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Add a section on dealing with laziness

The advice in this section is what we actually do in many of our core
libraries and on the advice I've given to new Haskell programmers that
run into performance problem.
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1 parent b96c29b commit 25eaf48ac1ad44fdfd6bc7b9dface414a8f705d5 @tibbe committed Jan 8, 2013
Showing with 79 additions and 9 deletions.
  1. +79 −9 haskell-style.md
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@@ -70,9 +70,9 @@ Format records as follows:
```haskell
data Person = Person
- { firstName :: String -- ^ First name
- , lastName :: String -- ^ Last name
- , age :: Int -- ^ Age
+ { firstName :: !String -- ^ First name
+ , lastName :: !String -- ^ Last name
+ , age :: !Int -- ^ Age
} deriving (Eq, Show)
```
@@ -268,8 +268,8 @@ Record example:
```haskell
-- | Bla bla bla.
data Person = Person
- { age :: Int -- ^ Age
- , name :: String -- ^ First name
+ { age :: !Int -- ^ Age
+ , name :: !String -- ^ First name
}
```
@@ -279,11 +279,11 @@ For fields that require longer comments format them like so:
data Record = Record
{ -- | This is a very very very long comment that is split over
-- multiple lines.
- field1 :: Text
+ field1 :: !Text
-- | This is a second very very very long comment that is split
-- over multiple lines.
- , field2 :: Int
+ , field2 :: !Int
}
```
@@ -294,8 +294,8 @@ comments for data type definitions. Some examples:
```haskell
data Parser = Parser
- Int -- Current position
- ByteString -- Remaining input
+ !Int -- Current position
+ !ByteString -- Remaining input
foo :: Int -> Int
foo n = salt * 32 + 9
@@ -332,6 +332,76 @@ Use singular when naming modules e.g. use `Data.Map` and
`Data.ByteString.Internal` instead of `Data.Maps` and
`Data.ByteString.Internals`.
+Dealing with laziness
+---------------------
+
+By default, use strict data types and lazy functions.
+
+### Data types
+
+Constructor fields should be strict, unless there's an explicit reason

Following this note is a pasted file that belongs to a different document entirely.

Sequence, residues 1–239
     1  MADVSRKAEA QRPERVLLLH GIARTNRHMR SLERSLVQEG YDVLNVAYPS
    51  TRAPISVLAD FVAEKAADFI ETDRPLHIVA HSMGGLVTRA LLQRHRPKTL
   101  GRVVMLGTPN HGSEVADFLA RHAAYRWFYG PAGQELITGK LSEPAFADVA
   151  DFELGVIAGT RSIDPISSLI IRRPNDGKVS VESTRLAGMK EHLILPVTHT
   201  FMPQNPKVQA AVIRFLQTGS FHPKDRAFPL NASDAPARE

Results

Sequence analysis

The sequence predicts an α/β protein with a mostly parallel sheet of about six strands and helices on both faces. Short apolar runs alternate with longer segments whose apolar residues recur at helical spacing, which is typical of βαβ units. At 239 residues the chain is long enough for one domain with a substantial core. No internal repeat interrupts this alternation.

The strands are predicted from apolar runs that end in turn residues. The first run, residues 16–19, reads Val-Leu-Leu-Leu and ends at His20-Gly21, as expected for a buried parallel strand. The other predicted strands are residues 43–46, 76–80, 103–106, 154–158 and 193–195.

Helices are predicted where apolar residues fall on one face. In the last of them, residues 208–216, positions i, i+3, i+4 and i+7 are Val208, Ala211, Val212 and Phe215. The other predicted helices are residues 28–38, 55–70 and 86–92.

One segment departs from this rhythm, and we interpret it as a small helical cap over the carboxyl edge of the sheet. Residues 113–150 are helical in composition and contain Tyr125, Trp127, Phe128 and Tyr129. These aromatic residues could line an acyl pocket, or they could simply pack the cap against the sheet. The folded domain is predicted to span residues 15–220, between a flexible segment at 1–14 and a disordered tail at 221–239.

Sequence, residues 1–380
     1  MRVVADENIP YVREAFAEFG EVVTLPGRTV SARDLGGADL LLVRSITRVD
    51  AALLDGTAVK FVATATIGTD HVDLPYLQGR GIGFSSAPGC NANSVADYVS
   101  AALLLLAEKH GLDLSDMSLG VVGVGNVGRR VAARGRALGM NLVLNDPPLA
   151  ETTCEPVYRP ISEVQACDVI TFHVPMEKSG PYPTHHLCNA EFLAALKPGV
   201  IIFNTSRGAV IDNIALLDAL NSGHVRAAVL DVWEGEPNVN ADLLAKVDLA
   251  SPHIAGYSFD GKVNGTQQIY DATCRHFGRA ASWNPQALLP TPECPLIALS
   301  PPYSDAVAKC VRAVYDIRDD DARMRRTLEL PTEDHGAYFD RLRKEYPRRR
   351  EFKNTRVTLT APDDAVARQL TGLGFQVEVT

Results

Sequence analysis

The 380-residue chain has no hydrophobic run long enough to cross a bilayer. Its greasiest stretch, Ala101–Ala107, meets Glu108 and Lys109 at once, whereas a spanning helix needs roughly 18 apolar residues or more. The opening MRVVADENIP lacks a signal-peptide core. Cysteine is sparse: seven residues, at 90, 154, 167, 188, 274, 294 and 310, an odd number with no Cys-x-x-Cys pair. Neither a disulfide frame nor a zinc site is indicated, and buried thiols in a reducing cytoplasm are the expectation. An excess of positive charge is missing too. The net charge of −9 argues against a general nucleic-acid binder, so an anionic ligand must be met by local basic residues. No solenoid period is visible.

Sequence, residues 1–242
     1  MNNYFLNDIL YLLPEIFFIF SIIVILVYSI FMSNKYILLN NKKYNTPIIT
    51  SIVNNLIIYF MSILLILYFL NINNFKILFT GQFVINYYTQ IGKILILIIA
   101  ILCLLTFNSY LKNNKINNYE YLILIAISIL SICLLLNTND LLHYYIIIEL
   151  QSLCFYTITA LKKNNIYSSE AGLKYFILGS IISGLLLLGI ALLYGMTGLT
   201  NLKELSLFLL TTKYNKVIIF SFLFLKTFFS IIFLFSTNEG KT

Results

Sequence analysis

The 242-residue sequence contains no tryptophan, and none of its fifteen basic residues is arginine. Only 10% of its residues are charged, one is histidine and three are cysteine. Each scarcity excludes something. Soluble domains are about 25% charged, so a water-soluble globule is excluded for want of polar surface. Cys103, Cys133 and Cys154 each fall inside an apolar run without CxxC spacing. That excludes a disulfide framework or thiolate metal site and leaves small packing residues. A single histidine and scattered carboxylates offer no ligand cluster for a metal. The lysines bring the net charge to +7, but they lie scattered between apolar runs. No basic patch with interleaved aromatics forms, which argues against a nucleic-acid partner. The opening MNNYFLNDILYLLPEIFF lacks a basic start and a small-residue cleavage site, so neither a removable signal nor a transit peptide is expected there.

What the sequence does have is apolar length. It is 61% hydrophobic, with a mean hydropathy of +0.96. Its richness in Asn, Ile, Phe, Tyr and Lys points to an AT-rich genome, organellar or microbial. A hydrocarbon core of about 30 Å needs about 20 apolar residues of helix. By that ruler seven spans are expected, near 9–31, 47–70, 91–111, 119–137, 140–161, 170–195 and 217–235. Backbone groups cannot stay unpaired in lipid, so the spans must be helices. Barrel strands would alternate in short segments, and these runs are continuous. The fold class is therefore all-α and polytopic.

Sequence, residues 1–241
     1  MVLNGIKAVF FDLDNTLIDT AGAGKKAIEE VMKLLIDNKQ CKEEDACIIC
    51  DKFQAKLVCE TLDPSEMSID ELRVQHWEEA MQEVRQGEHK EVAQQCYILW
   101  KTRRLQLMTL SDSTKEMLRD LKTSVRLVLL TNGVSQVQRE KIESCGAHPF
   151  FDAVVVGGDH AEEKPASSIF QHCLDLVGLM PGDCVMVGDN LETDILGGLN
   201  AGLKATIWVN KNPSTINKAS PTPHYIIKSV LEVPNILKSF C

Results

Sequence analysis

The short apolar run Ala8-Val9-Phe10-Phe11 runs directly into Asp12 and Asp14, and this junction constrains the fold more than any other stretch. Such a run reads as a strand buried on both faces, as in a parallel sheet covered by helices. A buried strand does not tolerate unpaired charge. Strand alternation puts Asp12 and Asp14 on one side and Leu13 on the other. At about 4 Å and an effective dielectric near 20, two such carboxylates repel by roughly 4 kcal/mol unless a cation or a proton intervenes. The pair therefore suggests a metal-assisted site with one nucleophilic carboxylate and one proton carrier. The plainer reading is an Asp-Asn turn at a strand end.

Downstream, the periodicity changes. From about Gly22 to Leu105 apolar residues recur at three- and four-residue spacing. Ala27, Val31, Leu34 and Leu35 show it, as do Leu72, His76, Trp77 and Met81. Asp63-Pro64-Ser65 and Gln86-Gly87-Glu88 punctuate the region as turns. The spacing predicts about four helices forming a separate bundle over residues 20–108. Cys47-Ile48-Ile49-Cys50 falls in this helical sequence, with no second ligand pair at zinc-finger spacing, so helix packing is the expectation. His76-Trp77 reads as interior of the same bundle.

+to make them lazy. This avoids many common pitfalls caused by
+too much laziness and reduces the amount of brain cycles the
+programmer has to spend on thinking about evaluation order.
+
+```haskell
+-- Good
+data Point = Point
+ { pointX :: !Double -- ^ X coordinate
+ , pointY :: !Double -- ^ Y coordinate
+ }
+```
+
+```haskell
+-- Bad
+data Point = Point
+ { pointX :: Double -- ^ X coordinate
+ , pointY :: Double -- ^ Y coordinate
+ }
+```
+
+Additionally, unpacking simple fields often improves performance and
+reduces memory usage:
+
+```haskell
+data Point = Point
+ { pointX :: {-# UNPACK #-} !Double -- ^ X coordinate
+ , pointY :: {-# UNPACK #-} !Double -- ^ Y coordinate
+ }
+```
+
+As an alternative to the `UNPACK` pragma, you can put
+
+```haskell
+{-# OPTIONS_GHC -funbox-strict-fields #-}
+```
+
+at the top of the file. Including this flag in the file inself instead
+of e.g. in the Cabal file is preferable as the optimization will be
+applied even if someone compiles the file using other means (i.e. the
+optimization is attached to the source code it belongs to).
+
+Note that `-funbox-strict-fields` applies to all strict fields, not
+just small fields (e.g. `Double` or `Int`). If you're using GHC 7.4 or
+later you can use `NOUNPACK` to selectively opt-out for the unpacking
+enabled by `-funbox-strict-fields`.
+
+### Functions
+
+Have function arguments be lazy unless you explicitly need them to be
+strict.
+
+The most common case when you need strict function arguments is in
+recursion with an accumulator:
+
+```haskell
+mysum :: [Int] -> Int
+mysum = go 0
+ where
+ go !acc [] = acc
+ go acc (x:xs) = go (acc + x) xs
+```
+
Misc
----

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